In 1992 Scientists issued an extremely prescient and powerful warning to humanity about how human impacts due the environment threatened the future of life on earth. The statement was signed by 1700 scientists, including the majority of Nobel laureates in the sciences.
The statement’s introduction read, “Human beings and the natural world are on a collision course. Human activities inflict harsh and often irreversible damage on the environment and on critical resources. If not checked, many of our current practices put at serious risk the future that we wish for human society and the plant and animal kingdoms, and may so alter the living world that it will be unable to sustain life in the manner that we know. Fundamental changes are urgent if we are to avoid the collision our present course will bring about.”
Now, a new warning was issued, a second notice. The article was signed by over 15,000 of the worlds scientists. According to the authors, “ As far as we know, this is the most scientists to ever co-sign and formally support a published journal article.”
The statement reads in part:
“The authors of the 1992 declaration feared that humanity was pushing the Earth’s ecosystems beyond their capacities to support the web of life. They described how we are fast approaching many of the limits of what the planet can tolerate without substantial and irreversible harm. The scientists pleaded that we stabilize the human population, describing how our large numbers—swelled by another 2 billion people since 1992, a 35 percent increase—exert stresses on the Earth that can overwhelm other efforts to realize a sustainable future (Crist et al. 2017). They implored that we cut greenhouse gas (GHG) emissions and phase out fossil fuels, reduce deforestation, and reverse the trend of collapsing biodiversity.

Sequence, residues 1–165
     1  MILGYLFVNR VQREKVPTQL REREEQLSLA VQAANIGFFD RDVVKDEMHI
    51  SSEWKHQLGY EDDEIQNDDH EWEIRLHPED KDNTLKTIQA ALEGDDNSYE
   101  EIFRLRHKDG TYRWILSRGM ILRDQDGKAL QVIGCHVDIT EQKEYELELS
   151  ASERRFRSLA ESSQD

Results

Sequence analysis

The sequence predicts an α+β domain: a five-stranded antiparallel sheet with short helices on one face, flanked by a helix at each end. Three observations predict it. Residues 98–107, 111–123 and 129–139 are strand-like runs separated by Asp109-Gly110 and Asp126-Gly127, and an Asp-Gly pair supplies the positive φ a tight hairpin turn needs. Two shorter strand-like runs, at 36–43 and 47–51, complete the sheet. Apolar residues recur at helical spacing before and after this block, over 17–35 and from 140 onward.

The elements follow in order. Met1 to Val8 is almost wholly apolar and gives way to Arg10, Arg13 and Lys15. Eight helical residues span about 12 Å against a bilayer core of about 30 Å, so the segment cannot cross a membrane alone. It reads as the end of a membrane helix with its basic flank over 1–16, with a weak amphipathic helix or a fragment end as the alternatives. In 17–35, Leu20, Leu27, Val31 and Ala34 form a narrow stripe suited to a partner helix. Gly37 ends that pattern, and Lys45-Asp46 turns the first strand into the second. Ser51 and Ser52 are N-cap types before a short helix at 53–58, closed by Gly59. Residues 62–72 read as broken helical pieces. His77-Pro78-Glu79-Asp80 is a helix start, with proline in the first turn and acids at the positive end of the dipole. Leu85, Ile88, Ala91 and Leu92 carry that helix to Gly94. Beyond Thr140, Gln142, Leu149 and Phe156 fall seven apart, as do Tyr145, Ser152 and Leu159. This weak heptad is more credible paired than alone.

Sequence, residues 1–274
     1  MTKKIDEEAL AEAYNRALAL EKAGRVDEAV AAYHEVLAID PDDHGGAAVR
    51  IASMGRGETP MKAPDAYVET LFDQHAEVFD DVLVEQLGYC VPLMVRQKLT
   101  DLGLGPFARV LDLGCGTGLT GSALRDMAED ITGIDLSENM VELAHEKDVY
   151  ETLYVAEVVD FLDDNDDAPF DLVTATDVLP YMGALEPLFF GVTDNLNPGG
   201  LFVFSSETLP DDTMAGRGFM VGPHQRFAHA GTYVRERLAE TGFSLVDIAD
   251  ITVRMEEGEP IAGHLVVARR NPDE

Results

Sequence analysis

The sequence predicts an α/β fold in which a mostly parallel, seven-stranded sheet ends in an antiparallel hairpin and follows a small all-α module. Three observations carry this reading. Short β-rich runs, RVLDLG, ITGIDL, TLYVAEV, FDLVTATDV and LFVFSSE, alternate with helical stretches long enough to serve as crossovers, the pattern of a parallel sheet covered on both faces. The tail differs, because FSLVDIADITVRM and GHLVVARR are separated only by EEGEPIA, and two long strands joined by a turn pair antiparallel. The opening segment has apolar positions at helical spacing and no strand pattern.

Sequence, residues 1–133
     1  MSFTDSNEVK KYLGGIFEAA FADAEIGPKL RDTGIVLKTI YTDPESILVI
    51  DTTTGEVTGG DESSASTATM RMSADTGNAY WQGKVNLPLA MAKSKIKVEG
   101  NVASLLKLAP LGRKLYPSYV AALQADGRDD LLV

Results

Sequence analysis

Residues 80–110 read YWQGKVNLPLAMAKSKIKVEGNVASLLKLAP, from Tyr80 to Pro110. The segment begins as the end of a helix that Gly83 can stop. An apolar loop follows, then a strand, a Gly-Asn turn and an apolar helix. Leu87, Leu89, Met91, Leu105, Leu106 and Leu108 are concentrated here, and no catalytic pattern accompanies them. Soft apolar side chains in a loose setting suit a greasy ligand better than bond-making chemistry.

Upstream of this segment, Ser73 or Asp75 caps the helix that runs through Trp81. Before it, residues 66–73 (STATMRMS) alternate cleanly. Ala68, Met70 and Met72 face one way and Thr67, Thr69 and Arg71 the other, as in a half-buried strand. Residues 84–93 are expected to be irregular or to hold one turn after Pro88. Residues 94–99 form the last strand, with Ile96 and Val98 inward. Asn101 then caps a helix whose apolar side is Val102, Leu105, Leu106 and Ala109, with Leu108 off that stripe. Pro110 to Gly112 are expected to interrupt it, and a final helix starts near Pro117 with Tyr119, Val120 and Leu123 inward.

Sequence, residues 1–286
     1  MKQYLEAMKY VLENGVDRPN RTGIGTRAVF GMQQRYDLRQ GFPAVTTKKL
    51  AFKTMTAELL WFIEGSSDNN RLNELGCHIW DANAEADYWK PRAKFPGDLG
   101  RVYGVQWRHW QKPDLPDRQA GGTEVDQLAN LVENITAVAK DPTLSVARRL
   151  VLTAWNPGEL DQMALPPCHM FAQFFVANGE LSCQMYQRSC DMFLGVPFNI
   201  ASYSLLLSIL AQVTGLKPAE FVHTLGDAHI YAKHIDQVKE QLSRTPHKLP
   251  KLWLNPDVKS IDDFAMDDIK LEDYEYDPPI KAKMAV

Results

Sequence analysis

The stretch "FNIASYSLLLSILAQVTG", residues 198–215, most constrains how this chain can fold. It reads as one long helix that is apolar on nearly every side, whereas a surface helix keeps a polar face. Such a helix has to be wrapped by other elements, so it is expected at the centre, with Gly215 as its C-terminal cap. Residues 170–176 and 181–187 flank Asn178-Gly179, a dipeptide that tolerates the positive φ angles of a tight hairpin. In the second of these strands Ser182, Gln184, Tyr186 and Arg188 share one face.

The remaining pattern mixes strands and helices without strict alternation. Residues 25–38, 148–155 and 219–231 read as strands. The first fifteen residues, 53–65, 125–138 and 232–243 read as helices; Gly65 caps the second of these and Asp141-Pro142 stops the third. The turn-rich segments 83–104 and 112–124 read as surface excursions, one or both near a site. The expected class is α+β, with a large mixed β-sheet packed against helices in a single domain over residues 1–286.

On the 25th anniversary of their call, we look back at their warning and evaluate the human response by exploring available time-series data. Since 1992, with the exception of stabilizing the stratospheric ozone layer, humanity has failed to make sufficient progress in generally solving these foreseen environmental challenges, and alarmingly, most of them are getting far worse.”
It then goes on to detail how, and to what degree, the degradation has continued and increased.
Please read these important statements. We must reflect on the scope of the problem, it’s source, and then act so we may preserve the remaining ecosystems and species of our planet, and even defend humanity’s existence itself, before it becomes too late to do so.